Edition: Walton Ford
The American painter Walton Ford (b. 1960) is classic in his mastery of the figurative material and the artistic techniques that otherwise belong to a vanished era. His preferred media are watercolours and gouache on paper, techniques he applies in very large, almost life-size renderings of fable-like narratives in which animals play the leading roles. The background is his fascination with the great encyclopaedic tradition of the eighteenth century; reproductions of nature from the golden age of the Enlightenment, when the diversity of the world was catalogued and conceptualized. As a contemporary artist, Ford is particularly inspired by his fellow American John James Audubon (1785-1851), whose standard work Birds of America a collection of large pictures and texts showing more than 435 different birds represented in minutely detailed colour prints stands to this day as the most comprehensive artistic project of its kind. Walton Ford¹s unique pictures give new twists to the tradition in several ways: In his illusionistic pictorial universe, where every single patch of fading and apparent damage or spot is calculated, the animals get to answer back. They see us just as much as we see them. And although the unbridgeable differences between species and the objective cruelty of nature are part of the point of the pictures, deepest down they are about ourselves. Here Ford imaginatively recreates a childhood experience described in Audubon¹s memoirs, where the little boy who grew up in Nantes in France during the Revolution sees an ape killing a talking parrot. The picture was made in a continuous process involving several printing techniques; recreating the way Audubon¹s popular masterpiece was created.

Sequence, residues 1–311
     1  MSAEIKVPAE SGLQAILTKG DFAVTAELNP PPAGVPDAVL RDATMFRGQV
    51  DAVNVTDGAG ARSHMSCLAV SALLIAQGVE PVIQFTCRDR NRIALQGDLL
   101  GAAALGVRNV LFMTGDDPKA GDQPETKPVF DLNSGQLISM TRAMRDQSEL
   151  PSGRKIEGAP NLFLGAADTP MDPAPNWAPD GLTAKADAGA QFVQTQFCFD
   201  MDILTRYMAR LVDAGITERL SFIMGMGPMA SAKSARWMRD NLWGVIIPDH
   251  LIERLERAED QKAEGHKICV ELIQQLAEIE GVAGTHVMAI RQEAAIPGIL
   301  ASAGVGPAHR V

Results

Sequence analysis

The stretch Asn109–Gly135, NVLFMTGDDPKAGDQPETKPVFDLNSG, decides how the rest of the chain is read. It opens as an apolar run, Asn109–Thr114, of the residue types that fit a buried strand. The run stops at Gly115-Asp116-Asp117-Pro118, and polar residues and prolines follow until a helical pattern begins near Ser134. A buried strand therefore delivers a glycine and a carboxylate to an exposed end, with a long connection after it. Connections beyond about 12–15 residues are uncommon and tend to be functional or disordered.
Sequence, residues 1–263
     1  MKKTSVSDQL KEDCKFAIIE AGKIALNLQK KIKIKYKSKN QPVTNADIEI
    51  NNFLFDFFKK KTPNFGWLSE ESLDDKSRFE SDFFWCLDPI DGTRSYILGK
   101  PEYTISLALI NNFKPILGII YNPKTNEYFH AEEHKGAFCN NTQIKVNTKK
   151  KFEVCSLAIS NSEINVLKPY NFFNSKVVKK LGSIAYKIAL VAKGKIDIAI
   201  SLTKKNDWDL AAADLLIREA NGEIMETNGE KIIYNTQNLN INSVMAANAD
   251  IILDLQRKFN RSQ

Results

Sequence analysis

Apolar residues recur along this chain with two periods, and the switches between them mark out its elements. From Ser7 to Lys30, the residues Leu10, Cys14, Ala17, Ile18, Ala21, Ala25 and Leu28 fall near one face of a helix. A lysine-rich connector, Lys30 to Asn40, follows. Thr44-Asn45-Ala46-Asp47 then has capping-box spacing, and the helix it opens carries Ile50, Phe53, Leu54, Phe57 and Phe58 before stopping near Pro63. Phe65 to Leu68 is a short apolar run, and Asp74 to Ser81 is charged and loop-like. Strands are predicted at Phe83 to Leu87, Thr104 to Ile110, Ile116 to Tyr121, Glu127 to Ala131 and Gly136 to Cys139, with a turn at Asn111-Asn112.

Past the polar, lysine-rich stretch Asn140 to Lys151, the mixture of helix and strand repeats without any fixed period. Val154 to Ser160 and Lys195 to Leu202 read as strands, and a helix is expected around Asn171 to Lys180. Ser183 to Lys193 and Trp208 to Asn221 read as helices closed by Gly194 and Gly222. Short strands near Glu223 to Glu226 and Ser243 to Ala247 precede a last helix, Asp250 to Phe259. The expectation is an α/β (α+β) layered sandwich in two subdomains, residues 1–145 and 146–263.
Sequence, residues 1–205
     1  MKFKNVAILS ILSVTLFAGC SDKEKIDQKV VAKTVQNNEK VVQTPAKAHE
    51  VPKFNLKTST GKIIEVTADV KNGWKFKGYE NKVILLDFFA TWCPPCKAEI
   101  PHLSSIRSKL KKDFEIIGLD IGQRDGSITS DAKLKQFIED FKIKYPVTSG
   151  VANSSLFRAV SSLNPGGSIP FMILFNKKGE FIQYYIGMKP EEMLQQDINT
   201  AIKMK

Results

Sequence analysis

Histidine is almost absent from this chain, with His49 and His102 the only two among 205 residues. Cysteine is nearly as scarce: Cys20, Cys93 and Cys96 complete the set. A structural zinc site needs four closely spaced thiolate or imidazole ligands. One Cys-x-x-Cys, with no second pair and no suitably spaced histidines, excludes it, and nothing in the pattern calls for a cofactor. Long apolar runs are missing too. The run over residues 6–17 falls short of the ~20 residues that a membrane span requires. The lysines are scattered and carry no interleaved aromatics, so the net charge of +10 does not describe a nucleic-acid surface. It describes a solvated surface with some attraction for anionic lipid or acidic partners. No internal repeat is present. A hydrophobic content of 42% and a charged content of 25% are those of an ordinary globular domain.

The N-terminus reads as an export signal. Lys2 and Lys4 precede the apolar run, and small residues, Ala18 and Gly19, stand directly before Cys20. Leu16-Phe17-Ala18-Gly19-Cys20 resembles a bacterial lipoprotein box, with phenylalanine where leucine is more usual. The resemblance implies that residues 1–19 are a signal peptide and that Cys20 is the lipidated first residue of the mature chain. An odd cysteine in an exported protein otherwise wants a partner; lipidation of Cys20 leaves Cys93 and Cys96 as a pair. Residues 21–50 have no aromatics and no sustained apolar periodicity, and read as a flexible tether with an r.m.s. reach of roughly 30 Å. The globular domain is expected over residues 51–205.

LOUISIANA EDITION: Walton Ford